자위하겄네! or How to Console Yourself in Jeolla Province

This post was born, rather oddly, out of my newfound attempts to increase my personal productivity, about which I will say much more later. I had two little tidbits, neither really meriting a full post, so I decided to artlessly slap them together using the title, this introductory paragraph and my final summation. Wish me luck.

Today is Lunar New Year, so naturally members of my wife’s family came over to eat, drink, make dumplings and have a good time. Now my wife’s family is from Jeolla Province, specifically the island of Jindo. When they get together and have a couple bottles of blackcurrant wine and a few ‘pitcher’ bottles of beer they slip back into their native accents. I have always thought it would be a good idea for me to jot down some of the features of their accent. Not having lived in Jeolla Province like Jello Mando or Brian Deutsch I would never go so far as to claim this an exhaustive list. These are simply the most superficially recognizable, most generalizable features of the regional accent. Note also that I’m not talking about dialect, a more general term that includes modes of talking and turns of phrase. I’m only talking about the sounds of the words, not the choice of words. If you speak standard Seoul Korean and you want to Jeolla up your speech, this would be a good place to start. I know for sure that after a couple of hours with my wife’s family I slip into this accent too, but I tend to do that with any regional accent I’m exposed to.

Unlike the Gyeongsang Province accent, which lies mostly in differing patterns of inflection and several changes in suffixes, the Jeolla accent applies a pair of broad sound changes that gives the accent it’s distinct sound:

  • 어 becomes 으 (e.g. 먹다-믁다, 없어-읎어, 거지-그지, 더러워-드러워)
  • 여 becomes 예 (e.g. 며느리-몌느리, 몇개-몣개)

The above can be widely generalized, depending on how strong an accent the speaker is choosing to use at any given point. In the above examples, 거지 (beggar) is derogatory, so drawing out the vowel as 그지 seems to add to the derogatory sense with which the word is uttered. The same is true of 더러워 (dirty), to the point where I think it’s fair to say the Jeolla-style pronunciation 드러워 is the excepted spoken pronunciation among most people I know even in Seoul and Gyeonggi Province.

In addition to these widely applied sound changes there are a couple more changes to the vowels of specific endings that are typical of this accent.

  • ~하는데 becomes ~하는디 (그런디, 됐는디, etc.)
  • ~하겠다 becomes ~하겄다 (좋겄어)
  • ~하면 becomes ~하믄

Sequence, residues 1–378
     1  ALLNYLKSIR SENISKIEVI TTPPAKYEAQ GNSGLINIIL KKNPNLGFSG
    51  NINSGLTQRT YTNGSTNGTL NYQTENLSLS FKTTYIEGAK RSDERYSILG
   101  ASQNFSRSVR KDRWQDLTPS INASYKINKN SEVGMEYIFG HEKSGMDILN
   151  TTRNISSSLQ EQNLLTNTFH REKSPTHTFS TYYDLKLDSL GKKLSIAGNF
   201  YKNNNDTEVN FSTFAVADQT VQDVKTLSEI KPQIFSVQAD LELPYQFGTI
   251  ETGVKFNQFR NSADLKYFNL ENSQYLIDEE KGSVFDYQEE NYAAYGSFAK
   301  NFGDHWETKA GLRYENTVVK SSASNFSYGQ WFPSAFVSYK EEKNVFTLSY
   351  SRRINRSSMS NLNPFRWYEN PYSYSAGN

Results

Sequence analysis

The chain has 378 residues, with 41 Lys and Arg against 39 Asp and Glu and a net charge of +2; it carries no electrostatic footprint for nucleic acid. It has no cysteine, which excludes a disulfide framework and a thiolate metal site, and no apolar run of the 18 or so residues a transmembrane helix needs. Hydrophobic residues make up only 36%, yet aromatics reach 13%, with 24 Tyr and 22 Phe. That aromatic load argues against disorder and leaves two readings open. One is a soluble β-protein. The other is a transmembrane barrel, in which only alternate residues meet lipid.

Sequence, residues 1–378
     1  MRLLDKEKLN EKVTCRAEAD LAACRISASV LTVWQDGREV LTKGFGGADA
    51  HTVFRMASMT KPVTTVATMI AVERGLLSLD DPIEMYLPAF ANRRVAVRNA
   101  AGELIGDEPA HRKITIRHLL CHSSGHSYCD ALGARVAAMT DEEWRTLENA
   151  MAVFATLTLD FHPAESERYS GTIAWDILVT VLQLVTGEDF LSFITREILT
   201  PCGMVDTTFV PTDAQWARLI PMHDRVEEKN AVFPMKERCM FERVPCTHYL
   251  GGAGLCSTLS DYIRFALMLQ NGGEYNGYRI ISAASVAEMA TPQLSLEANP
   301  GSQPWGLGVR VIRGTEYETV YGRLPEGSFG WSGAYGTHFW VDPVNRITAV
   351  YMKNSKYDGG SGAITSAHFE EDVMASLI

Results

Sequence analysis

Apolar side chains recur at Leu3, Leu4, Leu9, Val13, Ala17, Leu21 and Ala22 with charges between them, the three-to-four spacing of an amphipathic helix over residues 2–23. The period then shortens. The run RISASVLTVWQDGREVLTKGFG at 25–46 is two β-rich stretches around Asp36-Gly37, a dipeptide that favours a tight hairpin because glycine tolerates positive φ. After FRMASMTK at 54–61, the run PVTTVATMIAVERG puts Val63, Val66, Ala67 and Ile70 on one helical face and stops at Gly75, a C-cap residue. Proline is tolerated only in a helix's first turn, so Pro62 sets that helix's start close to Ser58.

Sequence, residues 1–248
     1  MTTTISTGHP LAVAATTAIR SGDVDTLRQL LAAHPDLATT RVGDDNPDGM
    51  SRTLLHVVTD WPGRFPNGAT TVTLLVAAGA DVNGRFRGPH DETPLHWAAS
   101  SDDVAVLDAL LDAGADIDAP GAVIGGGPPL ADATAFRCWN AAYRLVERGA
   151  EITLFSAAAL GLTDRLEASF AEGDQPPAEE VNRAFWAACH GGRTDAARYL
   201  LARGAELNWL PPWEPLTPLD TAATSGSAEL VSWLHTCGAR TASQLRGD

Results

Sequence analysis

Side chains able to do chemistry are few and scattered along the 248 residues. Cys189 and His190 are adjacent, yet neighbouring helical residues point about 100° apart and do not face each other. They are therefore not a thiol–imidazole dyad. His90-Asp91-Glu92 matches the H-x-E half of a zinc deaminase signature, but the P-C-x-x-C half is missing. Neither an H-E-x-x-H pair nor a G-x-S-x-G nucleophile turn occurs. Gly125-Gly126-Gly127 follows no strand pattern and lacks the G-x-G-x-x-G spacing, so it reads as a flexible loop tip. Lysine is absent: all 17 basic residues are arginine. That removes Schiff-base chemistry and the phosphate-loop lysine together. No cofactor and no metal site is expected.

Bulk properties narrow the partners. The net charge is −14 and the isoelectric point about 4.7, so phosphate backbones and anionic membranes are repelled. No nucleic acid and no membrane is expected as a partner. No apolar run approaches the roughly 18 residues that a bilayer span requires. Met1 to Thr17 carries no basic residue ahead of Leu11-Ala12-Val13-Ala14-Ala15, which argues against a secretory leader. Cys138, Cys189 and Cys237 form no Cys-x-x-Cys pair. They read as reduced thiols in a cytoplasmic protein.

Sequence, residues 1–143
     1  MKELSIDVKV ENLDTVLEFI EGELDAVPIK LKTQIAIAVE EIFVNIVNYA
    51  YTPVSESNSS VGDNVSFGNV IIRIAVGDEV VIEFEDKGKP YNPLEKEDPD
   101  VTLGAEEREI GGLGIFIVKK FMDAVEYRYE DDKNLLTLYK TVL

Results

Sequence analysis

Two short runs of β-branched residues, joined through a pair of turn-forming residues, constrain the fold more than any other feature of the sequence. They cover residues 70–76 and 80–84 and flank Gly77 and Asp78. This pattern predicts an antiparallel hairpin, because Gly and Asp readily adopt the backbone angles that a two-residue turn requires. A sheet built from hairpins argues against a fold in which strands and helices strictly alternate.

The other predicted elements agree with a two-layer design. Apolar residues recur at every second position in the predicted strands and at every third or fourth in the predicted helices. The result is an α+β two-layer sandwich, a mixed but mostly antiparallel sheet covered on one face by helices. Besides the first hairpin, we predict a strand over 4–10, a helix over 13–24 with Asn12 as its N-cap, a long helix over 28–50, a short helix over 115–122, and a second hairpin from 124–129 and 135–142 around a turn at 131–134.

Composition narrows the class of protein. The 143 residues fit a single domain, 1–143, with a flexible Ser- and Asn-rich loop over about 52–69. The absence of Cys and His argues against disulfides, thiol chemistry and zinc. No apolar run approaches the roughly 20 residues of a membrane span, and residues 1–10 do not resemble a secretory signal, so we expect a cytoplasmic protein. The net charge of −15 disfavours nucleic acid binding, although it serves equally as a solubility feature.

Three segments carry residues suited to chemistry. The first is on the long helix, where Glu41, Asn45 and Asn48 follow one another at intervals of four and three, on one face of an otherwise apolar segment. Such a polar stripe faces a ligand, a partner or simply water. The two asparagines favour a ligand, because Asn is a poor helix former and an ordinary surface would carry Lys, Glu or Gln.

A pair of these endings are pronounced with a marked nasality reminiscent of Adam Sandler’s character Cajun Man.

  • ~는 becomes ~넌 (나넌, 그들언, etc.)
  • ~거든 becomes ~거던, 거덩, or even 거더 with a heavily nasalized final vowel, French-style (됐거덩!)

Finally there’s a very cute/intimate, prying/inviting upward lilt to the end of questions, suggestions, requests, in which the final vowel blends into an 이 which may or may not be heavily nasalized to 잉, e.g. 밥믁어잉? 똑같애잉? 갑시다이? This is very ingratiating and to me lends the accent a level of intimacy that standard Korean lacks. It also reminds me of Canadian English’s famous ‘eh?’ in that it serves the same purpose, of cajoling and requesting confirmation of assumptions made.

No discussion of Jeolla Province’s accent would be complete without mentioning the great suffix/form of address 임마, of 야임마 fame. To me this jocular appendix to a sentence, usually uttered by a man to a man, always reminded me of American slang’s beloved “Yo”. 임마 tends to fall at the end of the sentence and imply a very high level of familiarity, which is another reason that I think of Jeolla as the most welcoming Korean accent.

Speaking of the Korean language, I was watching Curb Your Enthusiasm, season five, episode five, and Larry David, being consoled by his wife, attempts to initiate foreplay. She is indignant, shocked that he would try to get sex out of consolation. “Sex—that’s the ultimate form of consolation!” I immediately thought of the Korean word 자위 or ‘jawi’. The Korean language (and the Japanese language, which has the same word, as presumably does Chinese) uses this word, which literally means ‘self consolation’, to mean consolation. The image of this always cracked me up, a frowny-faced man getting his jawi on and saying ‘there there big guy, you win some, you lose some, it’s not the end of the world.’

So, to bring it all home, let’s imagine Larry David were consoling himself in Jeolla province, and I walked in and caught him, and I was trying particularly hard that day to be a fake Jeolla guy, I would say to him “야임마, 여기서 자위를 하믄안됐는디. . .왜?왜긴, 드럽거덩!”

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~ by Joe on February 7, 2008.

2 Responses to “자위하겄네! or How to Console Yourself in Jeolla Province”

  1. very funny, i loved it. i’m really interested in imitating accents from other languages, and i recently decided to imitate the different accents of my own lingo! the first time i read your blog, i said something to my mother in my (very bad) jeolla accent and she was cracking up like hell. oh, and my favorite singer comes from the jeolla area, so inevitably, trying to talk in his accent comes naturally… thanks for this. 🙂

  2. Great stuff. Note too the famous, 했다니까! -> 했당께! 있다니까! -> 있댱계!, etc., often used with the -버리다 pattern so favored in Honam, e.g. 가버렸당께! And ever endearing, if a bit confusing at first hearing, is the Honam version of “so-long” 갑시다이이! (heavily nasalized of course)

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